Assessing Efficiency and Environmental Performance of a Nearly Zero-Energy University Building&rsquo;s Energy System in Norway
Increasing awareness of climate issues in recent decades has led to new policies on buildings&rsquo; energy consumption and energy performance. The European Union (EU) directive 2010/31/EC, i.e., the energy performance of buildings directive (EPBD), is one of the measures initiated to achieve climate and energy goals by reducing energy use and greenhouse gas emissions in the building sector. The EPBD required all new buildings to be nearly zero-energy buildings (nZEBs) by 2021. Nearly zero-energy buildings (nZEBs) are buildings with a very-high-energy performance and nearly zero or low-energy requirements covered to a very significant extent by energy from renewable sources produced on-site or nearby. The utilisation of solar photovoltaic (PV) panels is a common approach for achieving the nZEB standard. The carbon footprint of PV panels is often not discussed as a parameter. This paper aimed to analyse the environmental performance of an existing nearly zero-energy university building in a Norwegian use case scenario. This analysis is performed by assessing annual electricity and heat consumption from both energetic and environmental perspectives. The energy required for the building during the studied period is then used to analyse the environmental and energy performance of the building. When it comes to the environmental assessment, the commercial software SimaPro was used. The proposed revision EPBD and nZEB definition from 2021 suggests that nZEBs should also consider operational greenhouse gas emissions and life-cycle global warming potential from 2027. The life cycle assessment (LCA) of the building&rsquo;s energy sources looks at the global warming potential (GWP) and greenhouse gas (GHG) emissions, and how they compare to Norwegian grid electricity. The results of the analysis highlights potential challenges to justifying the use of alternative energy sources to fulfil the criteria of nZEBs. When installing solar PV, it is important to consider the energy mix of the country where the solar PVs are produced. To solely consider the energy performance of the building, the installation of solar PV panels in countries with a high share of renewable energy may result in a reduced impact in terms of emission reduction from a life cycle perspective.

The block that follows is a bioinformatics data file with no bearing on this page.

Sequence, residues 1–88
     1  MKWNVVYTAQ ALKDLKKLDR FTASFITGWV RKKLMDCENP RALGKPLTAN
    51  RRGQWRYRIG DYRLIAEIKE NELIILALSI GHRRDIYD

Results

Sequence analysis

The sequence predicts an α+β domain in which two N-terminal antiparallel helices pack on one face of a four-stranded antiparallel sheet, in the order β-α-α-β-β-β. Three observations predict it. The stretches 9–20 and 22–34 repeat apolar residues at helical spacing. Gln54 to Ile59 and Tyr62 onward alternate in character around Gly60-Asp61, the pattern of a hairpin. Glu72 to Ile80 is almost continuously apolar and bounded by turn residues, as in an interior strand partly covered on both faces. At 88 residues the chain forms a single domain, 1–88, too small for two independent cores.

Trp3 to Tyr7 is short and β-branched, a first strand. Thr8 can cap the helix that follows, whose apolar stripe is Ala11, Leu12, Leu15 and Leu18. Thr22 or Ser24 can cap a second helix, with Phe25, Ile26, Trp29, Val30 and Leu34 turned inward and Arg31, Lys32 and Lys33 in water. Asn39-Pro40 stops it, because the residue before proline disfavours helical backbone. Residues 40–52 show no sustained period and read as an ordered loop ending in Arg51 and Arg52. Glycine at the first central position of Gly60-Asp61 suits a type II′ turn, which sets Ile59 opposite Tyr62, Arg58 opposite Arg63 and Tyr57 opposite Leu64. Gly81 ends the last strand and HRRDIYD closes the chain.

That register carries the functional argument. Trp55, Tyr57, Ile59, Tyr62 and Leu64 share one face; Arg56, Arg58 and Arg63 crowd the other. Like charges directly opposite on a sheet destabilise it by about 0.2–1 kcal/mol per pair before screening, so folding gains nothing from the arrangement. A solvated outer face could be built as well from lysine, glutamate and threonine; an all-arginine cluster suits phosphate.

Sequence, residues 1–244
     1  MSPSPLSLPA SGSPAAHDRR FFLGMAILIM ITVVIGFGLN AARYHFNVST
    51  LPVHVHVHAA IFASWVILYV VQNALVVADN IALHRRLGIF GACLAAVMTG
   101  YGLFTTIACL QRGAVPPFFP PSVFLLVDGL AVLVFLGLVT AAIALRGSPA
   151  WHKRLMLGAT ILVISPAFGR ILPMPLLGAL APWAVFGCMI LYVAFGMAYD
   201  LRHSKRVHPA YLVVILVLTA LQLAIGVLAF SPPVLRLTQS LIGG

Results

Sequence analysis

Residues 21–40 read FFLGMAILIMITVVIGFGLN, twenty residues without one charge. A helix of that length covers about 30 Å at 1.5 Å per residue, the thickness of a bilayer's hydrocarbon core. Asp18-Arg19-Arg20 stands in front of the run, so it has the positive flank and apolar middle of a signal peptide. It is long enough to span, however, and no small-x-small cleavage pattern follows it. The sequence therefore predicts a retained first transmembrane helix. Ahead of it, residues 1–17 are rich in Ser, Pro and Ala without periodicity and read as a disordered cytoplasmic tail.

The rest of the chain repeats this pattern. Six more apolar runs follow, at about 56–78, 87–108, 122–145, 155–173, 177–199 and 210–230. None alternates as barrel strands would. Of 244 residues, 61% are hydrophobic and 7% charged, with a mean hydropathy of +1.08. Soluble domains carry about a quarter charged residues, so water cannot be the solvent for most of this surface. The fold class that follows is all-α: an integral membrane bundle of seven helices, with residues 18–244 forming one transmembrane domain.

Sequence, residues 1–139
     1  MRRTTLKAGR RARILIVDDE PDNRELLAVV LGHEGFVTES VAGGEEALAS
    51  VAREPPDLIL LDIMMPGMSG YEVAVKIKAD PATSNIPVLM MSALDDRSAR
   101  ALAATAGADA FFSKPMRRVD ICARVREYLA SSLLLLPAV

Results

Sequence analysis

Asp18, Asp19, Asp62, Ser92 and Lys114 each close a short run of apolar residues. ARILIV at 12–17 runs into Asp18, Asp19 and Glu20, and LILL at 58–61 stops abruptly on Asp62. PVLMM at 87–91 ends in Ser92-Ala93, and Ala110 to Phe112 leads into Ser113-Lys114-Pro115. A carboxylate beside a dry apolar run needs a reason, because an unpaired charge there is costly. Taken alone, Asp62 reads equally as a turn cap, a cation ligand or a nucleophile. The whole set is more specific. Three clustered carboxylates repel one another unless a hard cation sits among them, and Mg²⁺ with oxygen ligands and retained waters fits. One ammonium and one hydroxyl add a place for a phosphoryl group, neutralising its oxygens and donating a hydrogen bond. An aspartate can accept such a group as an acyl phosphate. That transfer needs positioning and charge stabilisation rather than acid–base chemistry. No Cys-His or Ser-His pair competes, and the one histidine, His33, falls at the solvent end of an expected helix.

Publication date: 09/01/2023
Author: Fredrik Ege Abrahamsen
Reference: doi: 10.3390/buildings13010169